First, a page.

10. logging The logging module offers a full featured and flexible logging system. Log messages are sent to a file or to sys.stdrr. logging.debug(‘Debugging information’)‘Informational message’) logging.warning(‘Warning:confige file %s not found’, ‘server.conf’) logging.error(‘Error occurred’) logging.critical(‘Critical error – shutting down’) Produces the following output: WARNING:roor:Warning:config file server.conf not found ERROR:root:Error occurred CRITICAL:root:Critical error – shutting down By default, informational and debugging messages are suppressed and the output is sent to standard error.

  11. Weak references Python does automatic memory management, and the memory is freed after the last reference has been eliminated. Tracking objects in Python creates a reference that makes them permanent. The weakref module provides tools for tracking objects without creating a reference. >>> class A: … def __init__(self,value): … self.value=value … def __repr__(self): … return str(self.value) >>> a = A(10) # create a reference >>> d = weakref.WeakValueDictionary() >>> d[‘primary’] = a # does not create reference >>> d[‘primary’] # fetch the object if still alive 10 >>> del a # remove the reference >>> gc.collect() # run garbage collect 0 >>> d[‘primary’] # entry was automatically removed Traceback (most recent call last): File “<stdin>”, line 1, in <module> d[‘primary’] File”C:/python34/lib/”, line 46, in __getitem__[key]() KeyError: ‘primary’

  12. Tools for working with lists The array module provides an array() object that is like a list that stores only homogeneous data and stores it compactly. The following example shows an array of number stored as two byte unsigned binary numbers (typecode ‘H’) rather than 16 bytes per entry for regular lists. >>> from array import array >>> a = array(‘H’, [4000, 10, 700, 22222]) >>> sum(a) 26932 >>> a[1:3] array(‘H’, [10, 700])

  13. The collections module provides a deque() object that is like a list with faster appends and pops from the left side but slower lookups in the middle. They are useful for implementing queues and breadth first tree searches >>> from collections import deque >>> d = deque([“task1”, “task2”, “task3”]) >>> d.append(“task4”) >>> print(“Handling”, d.popleft()) Handling task1 unsearched = deque([starting_node]) defbreadth_first_search(unsearched): node = unsearched.popleft() for m in gen_moves(node): if is_goal(m) return m unsearched.append(m)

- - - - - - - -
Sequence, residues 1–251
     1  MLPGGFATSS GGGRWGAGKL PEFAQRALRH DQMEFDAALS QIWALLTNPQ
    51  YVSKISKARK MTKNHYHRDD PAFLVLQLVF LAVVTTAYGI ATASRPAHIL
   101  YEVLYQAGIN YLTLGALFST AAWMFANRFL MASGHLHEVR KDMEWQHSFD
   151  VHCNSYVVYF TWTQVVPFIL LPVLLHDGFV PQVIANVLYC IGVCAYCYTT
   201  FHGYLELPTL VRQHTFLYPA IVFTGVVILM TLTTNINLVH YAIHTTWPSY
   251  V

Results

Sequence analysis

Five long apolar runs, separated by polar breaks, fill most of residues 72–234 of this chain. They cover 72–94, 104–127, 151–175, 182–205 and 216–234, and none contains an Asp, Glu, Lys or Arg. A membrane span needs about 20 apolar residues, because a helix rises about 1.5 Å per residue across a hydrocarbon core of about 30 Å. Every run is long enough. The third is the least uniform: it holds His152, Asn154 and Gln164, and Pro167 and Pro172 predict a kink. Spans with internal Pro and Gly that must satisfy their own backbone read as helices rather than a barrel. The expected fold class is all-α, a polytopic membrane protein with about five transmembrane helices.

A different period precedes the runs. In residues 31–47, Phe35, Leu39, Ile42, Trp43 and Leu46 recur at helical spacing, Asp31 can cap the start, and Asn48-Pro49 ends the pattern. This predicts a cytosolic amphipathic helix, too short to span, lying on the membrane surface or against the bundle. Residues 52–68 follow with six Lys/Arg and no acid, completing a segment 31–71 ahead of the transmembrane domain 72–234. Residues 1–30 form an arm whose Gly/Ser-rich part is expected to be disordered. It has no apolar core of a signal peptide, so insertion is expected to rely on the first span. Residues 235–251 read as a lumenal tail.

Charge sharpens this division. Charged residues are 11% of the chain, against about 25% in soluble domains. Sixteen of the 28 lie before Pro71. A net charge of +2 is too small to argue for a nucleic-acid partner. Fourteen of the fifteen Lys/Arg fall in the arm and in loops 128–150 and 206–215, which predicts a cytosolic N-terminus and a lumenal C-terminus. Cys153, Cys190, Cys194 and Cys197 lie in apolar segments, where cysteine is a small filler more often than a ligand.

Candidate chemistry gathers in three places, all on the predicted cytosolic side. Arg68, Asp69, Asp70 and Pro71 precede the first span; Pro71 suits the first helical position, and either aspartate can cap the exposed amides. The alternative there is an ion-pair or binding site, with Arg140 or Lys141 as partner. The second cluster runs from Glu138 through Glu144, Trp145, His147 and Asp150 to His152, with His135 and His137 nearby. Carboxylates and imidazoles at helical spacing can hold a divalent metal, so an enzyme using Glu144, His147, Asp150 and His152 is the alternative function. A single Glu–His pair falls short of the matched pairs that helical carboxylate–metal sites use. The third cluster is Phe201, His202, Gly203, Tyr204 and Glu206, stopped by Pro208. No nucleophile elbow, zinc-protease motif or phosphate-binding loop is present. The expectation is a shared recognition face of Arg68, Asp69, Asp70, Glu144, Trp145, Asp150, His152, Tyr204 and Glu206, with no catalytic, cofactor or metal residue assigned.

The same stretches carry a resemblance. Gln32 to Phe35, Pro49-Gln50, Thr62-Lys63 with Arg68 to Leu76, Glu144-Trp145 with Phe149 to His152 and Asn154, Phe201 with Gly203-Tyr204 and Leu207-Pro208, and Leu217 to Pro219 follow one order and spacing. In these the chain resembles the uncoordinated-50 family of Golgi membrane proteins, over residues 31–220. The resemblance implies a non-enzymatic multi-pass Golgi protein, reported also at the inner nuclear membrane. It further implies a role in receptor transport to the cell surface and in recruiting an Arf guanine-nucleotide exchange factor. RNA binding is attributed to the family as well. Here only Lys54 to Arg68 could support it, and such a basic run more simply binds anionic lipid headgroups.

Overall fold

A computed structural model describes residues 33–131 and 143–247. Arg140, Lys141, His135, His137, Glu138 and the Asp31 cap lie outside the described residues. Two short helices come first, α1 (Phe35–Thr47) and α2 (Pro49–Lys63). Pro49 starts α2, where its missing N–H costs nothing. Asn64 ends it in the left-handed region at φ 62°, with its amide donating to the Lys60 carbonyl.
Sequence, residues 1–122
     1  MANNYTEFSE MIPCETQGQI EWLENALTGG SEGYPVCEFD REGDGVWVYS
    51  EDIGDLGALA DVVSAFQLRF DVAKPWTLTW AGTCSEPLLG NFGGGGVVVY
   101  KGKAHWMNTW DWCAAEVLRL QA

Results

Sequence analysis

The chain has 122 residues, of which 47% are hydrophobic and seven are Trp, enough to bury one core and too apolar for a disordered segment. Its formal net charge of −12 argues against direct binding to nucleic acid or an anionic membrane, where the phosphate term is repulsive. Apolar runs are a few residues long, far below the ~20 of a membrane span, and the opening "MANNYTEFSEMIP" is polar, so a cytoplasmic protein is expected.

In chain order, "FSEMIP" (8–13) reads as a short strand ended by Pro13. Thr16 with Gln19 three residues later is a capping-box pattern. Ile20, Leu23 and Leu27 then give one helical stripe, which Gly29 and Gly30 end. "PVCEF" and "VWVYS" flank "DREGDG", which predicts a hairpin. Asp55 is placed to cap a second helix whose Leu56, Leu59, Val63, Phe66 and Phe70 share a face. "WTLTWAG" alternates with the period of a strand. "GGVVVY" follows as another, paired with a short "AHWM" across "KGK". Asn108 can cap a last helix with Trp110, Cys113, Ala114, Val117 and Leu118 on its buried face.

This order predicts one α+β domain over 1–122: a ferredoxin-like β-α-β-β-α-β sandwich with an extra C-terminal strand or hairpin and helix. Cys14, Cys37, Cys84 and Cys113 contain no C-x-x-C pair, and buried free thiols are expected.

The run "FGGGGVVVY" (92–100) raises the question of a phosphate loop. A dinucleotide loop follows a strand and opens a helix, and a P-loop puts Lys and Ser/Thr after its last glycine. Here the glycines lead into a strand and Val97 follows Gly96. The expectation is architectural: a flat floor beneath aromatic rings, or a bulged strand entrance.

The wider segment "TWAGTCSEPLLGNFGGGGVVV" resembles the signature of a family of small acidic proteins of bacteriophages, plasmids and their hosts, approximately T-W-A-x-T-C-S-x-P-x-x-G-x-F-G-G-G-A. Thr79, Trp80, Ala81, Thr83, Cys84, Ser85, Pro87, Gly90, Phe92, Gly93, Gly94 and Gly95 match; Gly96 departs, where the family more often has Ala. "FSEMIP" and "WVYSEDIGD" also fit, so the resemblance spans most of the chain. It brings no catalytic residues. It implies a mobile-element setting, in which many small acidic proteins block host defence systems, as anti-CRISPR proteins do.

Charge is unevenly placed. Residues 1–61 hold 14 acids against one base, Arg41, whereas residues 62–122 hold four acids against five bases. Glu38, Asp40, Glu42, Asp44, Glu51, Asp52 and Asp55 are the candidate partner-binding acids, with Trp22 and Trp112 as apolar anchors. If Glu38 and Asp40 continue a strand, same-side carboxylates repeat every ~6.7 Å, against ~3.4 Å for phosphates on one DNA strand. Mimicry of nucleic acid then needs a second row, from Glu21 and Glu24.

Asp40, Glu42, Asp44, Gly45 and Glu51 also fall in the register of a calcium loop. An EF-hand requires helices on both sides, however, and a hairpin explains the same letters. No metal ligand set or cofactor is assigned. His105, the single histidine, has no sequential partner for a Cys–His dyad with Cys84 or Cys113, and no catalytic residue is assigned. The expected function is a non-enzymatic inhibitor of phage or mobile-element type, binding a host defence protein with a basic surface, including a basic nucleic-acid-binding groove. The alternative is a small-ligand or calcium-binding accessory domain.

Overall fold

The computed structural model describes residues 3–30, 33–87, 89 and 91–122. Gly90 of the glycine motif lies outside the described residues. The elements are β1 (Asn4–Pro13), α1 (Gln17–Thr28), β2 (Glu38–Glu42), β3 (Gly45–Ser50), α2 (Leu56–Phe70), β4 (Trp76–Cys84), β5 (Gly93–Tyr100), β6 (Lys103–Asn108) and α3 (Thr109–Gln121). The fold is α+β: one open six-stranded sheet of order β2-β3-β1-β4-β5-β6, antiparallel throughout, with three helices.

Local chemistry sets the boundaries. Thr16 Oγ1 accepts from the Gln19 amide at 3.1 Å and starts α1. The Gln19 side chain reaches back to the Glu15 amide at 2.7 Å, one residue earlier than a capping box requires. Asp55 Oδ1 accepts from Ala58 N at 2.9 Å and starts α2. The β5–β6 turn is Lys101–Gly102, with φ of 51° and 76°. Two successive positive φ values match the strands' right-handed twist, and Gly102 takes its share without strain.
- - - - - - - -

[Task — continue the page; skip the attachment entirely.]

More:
14. The library also offers other tools such as the bisect module with functions for manipulating sorted lists. >>> import bisect >>> scores = [(100, ‘perl’), (200, ‘tcl’), (400, ‘lua’), (500, ‘python’)] >>> bisect.insort(scores, (300, ‘ruby’)) >>> scores [(100, ‘perl’), (200, ‘tcl’), (300, ‘ruby’), (400, ‘lua’), (500, ‘python’)]

  15. The heapq module provides functions for implementing heaps based on regular lists. The lowest valued entry is always kept at position zero. This is useful for applications that repeatedly access the smallest element but do not want to run a full list sort. >>> from heapq import heap >>> data = [1,3,5,7,9,2,4,6,8,0] >>> heapify(data) # rearrange in heap >>> heappush(data, -5) # add new entry >>> [heappop(data) for i in range(3)] # fetch 3 smallest [-5, 0, 1]

  16. Decimal floating point arithmetic The decimal module offers a Decimal datatype for decimal floating point arithmetic. Compared to the built-in float implementation of binary floating point, the class is helpful for: • Financial applications and others which require exact decimal representation • Control over precision • Control over rounding for legal or regulatory means • Tracking of significant decimal places • Applications where the user expect to match calculations done by hand >>> from decimal import * >>> round(Decimal(‘0.75’) * Decimal(‘1.05’), 2) Decimal(‘0.74’) >>> round(.70 * 1.05, 2) 0.73

  17. Decimal result keeps a trailing zero, automatically inferring four place significance from multiplicands with two significant places. Decimal reproduces mathematics as done by hand and avoids issues that can arise when binary floating point cannot exactly represent decimal quantities. Exact representation enables the Decimal class to perform modulo calculations and equality tests that are unsuitable for binary floating point: >>> Decimal(‘1.00’) % Decimal(‘.10’) Decimal(‘0.00’) >>> 1.00 % 0.10 0.09999999999999995 >>> sum([Decimal(‘0.1’)*10) == Decimal(‘1.0’) True >>> sum([0.1]*10 == 1.0) False

  18. The Decimal module provides arithmetic with as much precision as needed: >>> getcontext().prec = 36 >>> Decimal(1) / Decimal(7) Decimal(‘0.142857142857142857142857142857142857’)

  19. Resources